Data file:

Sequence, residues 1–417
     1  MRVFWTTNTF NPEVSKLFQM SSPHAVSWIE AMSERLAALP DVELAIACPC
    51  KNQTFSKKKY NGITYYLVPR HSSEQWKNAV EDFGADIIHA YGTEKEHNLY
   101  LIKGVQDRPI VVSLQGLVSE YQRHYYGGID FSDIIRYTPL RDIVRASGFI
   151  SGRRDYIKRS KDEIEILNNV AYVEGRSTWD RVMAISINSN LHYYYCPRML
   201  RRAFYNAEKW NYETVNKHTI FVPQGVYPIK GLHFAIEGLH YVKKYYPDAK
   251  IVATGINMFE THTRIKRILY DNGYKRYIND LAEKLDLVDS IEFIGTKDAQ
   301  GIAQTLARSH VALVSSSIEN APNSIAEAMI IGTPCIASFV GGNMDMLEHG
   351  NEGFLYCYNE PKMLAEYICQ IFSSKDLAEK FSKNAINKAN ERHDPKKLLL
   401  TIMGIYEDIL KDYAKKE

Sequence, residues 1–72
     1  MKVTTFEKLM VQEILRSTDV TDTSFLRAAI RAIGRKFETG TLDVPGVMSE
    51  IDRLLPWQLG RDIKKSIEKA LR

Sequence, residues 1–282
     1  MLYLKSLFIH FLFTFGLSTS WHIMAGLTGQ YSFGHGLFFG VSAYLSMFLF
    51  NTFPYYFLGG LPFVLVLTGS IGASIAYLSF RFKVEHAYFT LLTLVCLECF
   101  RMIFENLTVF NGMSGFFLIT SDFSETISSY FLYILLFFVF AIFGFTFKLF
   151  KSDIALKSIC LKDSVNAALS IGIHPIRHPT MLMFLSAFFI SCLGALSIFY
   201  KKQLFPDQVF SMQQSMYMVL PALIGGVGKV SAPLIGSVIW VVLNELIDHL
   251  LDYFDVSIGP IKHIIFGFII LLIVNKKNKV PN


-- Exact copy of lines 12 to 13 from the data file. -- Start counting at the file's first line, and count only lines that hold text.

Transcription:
     1  MKVTTFEKLM VQEILRSTDV TDTSFLRAAI RAIGRKFETG TLDVPGVMSE
    51  IDRLLPWQLG RDIKKSIEKA LR